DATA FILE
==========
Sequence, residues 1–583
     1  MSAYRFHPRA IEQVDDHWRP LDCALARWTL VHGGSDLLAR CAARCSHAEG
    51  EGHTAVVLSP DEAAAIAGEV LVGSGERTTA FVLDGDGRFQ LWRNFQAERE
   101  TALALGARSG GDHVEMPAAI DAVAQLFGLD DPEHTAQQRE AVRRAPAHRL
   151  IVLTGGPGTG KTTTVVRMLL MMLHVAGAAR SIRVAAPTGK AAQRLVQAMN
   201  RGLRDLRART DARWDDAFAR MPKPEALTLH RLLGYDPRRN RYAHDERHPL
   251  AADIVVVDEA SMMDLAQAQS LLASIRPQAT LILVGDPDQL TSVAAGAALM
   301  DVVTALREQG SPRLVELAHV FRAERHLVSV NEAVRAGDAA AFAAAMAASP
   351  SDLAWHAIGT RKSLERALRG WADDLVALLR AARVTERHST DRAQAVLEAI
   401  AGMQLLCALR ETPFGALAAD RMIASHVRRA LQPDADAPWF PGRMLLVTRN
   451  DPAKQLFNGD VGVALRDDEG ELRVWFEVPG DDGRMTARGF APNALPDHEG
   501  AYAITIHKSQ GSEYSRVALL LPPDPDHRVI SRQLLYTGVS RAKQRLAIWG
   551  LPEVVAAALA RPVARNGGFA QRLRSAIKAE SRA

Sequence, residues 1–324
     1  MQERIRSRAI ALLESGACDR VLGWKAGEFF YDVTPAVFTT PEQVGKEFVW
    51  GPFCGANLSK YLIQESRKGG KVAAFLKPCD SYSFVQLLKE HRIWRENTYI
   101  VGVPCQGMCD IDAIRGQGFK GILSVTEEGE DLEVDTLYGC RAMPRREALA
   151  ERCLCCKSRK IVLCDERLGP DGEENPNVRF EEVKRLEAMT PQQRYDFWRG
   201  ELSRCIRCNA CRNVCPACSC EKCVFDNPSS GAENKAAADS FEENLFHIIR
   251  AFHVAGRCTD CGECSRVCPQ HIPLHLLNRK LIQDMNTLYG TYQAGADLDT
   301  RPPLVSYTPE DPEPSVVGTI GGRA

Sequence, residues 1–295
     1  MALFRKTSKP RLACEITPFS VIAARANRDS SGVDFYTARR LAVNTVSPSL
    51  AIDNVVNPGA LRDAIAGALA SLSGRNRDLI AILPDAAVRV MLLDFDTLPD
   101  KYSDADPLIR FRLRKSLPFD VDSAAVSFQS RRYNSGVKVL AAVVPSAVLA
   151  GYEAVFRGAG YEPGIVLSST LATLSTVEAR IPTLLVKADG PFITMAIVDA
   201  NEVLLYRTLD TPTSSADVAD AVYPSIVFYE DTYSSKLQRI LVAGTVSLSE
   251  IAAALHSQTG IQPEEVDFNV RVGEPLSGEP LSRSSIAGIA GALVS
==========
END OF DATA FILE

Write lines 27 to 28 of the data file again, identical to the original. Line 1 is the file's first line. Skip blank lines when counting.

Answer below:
   201  NEVLLYRTLD TPTSSADVAD AVYPSIVFYE DTYSSKLQRI LVAGTVSLSE
   251  IAAALHSQTG IQPEEVDFNV RVGEPLSGEP LSRSSIAGIA GALVS